Given the penalty scheme applicable to failure to follow the PTIN requirements, it is unlikely any reasonable person would conclude that PTIN filings are done voluntarily. Given the choice, all or virtually all preparers would prefer to keep the government out of their professional relationships (and not identify prepared returns). Assuming people have a right to prepare returns, the filings are made only to avoid penalties and to comply with Treasury's requirements. The PTIN requirement is nothing more than a requirement. If an agency can create a requirement and then charge for it to be fulfilled, U.S. citizens have real problems.
The PTIN requirement and related fees are being charged to people who do not prepare tax returns for compensation. The IRS is demanding that enrolled agents who do not prepare returns attain and maintain a PTIN. In substance, a federal agency is levying an occupation tax on virtually all tax professionals.
Finally, as noted, the preamble to the 2011 final regulations under Circular 230 listed the costs of issuing registration certificates or cards, the costs of creating forms and instructions, and the costs of suitability checks and tax compliance checks as legitimizing the $50 annual costs. Registration certificates or cards are not issued and there is no legitimate basis for a suitability check or a tax compliance check. If someone has a criminal record, unless a judge holds otherwise, he can prepare tax returns. If a preparer is behind on his personal taxes, the remedy is for the IRS to pursue the preparer and charge him penalties for his tardiness.
In Seafarers Int'l Union of North America v. U.S. Coast Guard,18 the D.C. Circuit held that it is the costs to the government that must be analyzed to determine whether a government user fee is fair under 31 U.S.C. section 9701. The only legitimate costs are those incurred to create Form W-12 and its instructions. Filing of this two-page form (that also asks licensing-type questions) can be done online. Assuming approximately 1 million people annually file, those costs cannot be substantial. Thus, the fee is unfair.
Neither the district court nor the Eleventh Circuit considered any of the foregoing factors in the Brannen case. A certiorari petition was filed in September.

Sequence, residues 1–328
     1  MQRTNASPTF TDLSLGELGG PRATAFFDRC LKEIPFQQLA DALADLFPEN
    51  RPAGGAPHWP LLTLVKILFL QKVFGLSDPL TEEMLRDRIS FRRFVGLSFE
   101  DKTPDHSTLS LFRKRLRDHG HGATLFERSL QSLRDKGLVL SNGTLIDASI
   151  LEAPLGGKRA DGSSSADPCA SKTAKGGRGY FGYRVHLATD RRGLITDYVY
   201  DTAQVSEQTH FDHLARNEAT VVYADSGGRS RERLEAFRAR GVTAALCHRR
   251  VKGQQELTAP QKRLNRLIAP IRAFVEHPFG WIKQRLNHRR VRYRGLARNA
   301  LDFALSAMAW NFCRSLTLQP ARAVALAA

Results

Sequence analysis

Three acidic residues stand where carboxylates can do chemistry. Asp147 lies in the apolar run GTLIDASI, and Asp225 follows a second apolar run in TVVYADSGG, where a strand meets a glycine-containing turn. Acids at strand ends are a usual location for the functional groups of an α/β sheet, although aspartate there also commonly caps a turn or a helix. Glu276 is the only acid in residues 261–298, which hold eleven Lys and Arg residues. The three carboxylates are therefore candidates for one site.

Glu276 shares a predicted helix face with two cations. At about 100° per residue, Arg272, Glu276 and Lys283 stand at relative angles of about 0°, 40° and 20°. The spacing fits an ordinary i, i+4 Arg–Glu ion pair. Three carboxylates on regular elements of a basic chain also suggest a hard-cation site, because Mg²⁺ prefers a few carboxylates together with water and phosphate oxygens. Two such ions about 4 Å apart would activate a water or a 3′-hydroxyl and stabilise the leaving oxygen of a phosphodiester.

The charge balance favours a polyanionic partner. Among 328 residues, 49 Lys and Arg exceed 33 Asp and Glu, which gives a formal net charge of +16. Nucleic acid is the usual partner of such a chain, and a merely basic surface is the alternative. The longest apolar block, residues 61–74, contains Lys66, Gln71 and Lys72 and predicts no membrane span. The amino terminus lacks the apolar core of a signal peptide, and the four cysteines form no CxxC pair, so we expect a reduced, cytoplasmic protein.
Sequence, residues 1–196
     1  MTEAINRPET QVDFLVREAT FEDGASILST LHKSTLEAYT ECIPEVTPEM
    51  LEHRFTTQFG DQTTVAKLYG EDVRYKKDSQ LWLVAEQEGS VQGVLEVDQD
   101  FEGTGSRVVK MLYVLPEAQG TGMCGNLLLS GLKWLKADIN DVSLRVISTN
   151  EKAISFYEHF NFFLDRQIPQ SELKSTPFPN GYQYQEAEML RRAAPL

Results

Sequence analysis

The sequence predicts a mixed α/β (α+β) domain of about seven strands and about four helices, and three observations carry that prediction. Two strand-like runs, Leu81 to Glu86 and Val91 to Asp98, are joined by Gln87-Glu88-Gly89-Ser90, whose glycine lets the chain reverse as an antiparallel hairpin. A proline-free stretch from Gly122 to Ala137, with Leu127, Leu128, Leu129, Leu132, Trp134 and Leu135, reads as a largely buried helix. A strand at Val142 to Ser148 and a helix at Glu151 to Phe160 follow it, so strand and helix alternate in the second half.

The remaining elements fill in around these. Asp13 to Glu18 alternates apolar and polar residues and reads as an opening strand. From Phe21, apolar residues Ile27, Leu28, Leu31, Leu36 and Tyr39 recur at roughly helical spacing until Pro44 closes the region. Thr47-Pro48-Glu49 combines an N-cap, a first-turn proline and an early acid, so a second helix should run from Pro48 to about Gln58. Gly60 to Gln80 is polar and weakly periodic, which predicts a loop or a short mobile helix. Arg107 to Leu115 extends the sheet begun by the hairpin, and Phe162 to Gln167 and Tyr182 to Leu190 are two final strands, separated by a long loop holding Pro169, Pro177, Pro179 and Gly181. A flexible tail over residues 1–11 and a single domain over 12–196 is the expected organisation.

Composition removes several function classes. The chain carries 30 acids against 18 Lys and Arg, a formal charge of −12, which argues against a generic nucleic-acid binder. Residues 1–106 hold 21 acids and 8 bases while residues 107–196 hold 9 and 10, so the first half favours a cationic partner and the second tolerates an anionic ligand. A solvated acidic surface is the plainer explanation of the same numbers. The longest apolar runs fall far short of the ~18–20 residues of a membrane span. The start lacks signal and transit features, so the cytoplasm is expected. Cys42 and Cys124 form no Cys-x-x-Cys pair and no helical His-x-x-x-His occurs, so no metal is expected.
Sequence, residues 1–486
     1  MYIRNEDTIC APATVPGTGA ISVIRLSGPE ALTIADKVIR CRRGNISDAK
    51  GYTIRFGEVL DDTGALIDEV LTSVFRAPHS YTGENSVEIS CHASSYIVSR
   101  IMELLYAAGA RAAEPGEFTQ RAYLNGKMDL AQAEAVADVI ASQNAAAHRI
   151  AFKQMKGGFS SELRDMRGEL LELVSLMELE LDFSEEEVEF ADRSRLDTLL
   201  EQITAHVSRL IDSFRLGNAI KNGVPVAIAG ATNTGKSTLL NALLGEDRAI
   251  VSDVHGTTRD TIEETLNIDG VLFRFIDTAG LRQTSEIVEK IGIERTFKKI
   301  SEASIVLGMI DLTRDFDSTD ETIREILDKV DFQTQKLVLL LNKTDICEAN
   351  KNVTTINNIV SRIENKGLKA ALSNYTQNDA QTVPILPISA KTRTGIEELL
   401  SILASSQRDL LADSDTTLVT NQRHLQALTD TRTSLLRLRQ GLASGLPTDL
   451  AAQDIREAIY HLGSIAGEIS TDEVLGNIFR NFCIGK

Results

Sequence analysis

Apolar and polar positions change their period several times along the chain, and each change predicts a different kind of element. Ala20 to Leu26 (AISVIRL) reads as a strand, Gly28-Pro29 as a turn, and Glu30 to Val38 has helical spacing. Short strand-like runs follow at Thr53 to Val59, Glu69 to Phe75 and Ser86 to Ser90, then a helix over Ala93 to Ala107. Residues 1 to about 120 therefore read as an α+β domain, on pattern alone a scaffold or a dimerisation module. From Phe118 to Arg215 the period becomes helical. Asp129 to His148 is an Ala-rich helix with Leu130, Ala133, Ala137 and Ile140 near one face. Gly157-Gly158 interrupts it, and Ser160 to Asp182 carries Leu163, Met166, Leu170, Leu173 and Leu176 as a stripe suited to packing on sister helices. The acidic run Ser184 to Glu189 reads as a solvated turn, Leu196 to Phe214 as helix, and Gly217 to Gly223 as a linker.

3. Most important, there is no legitimate legal basis for renewal of a PTIN or renewal fees. As noted, a PTIN is simply a means for identification designed to help the IRS. Once issued, similar to an SSN, the PTIN does not change. One could argue a special benefit exists with an SSN, because it is used for many personal purposes. However, because people are required to register for Social Security, issuance of a card would not be done incident to a voluntary act. Still, the argument of a special benefit would be stronger for an SSN than for a PTIN.
G. Treasury's Justification
Treasury has justified its actions by claiming it held public forums in 2009, and the vast majority of participants agreed with Treasury's recommendations that greater regulation was necessary. Who were these participants? According to Publication 4832, the major "independent tax return preparer" participants were some tax return preparation software companies, H&R Block executives, an H&R Block franchisee, a Jackson Hewitt franchisee, an Empire Tax & Accounting Service owner, and an independent enrolled preparer. Why would H&R Block and Jackson Hewitt like the new regime? Fees aside, the new scheme will eliminate much of their competition. In Notice 2011-6,19 the IRS generally exempted employees of organizations who prepare returns from testing and continuing education, provided the PTIN fee is paid for each person and a specified overseer supervises their work and is responsible for the end product (that is, signs the return). A specified overseer is an attorney, CPA, enrolled agent, enrolled retirement plan agent, or an enrolled actuary. While those organizations presumably do not like the fees, the overall result is positive to them -- that is, less competition. The fees can be passed on to their customers.
Aside from those who like the overall result, the traditional reasons for not contesting, including costs, fear of retribution and fear of negative publicity, apply to many persons. In a 2009 law review article, professor Kristin E. Hickman wrote: "While pronouncements that agencies label as nonlegislative by definition cannot be legally binding, they nevertheless may enjoy what is known as practical legal binding effect, because prudent regulated parties seeking to avoid confrontation with the government tend to comply with whatever guidance the agency cares to offer."20
H. What's Wrong
Treasury converted the PTIN, a requirement designed to help it do its job, into a licensing power in its favor. So far, the courts have upheld Treasury's conversion.
The United States was founded on the general principle of freedom. People are supposed to do as they wish, subject to laws enacted by Congress and signed by the president that are constitutional.
Some case law holds that Treasury regulations that have continued without substantial change over a long period of time are deemed to have received congressional approval and have the effect of law. It is unrealistic for Congress to police every action of every agency to determine which regulations it should strike down. Further, gridlock may prevent Congress from acting. When permitting a longstanding regulation without statutory basis to stand, a court is failing to uphold the Constitution.
Treasury decided it wanted to regulate the tax return preparation industry in a new way. Instead of analyzing the law and attempting to fit its plan within legal parameters, it created its plan and then stretched the words and phrases of existing law beyond their bounds to permit its desired outcome. If Treasury can do that, citizens will be subject to two sets of laws -- those established by Congress and signed by the president and those established by agencies (indirectly under control of the president). The Constitution does not so allow.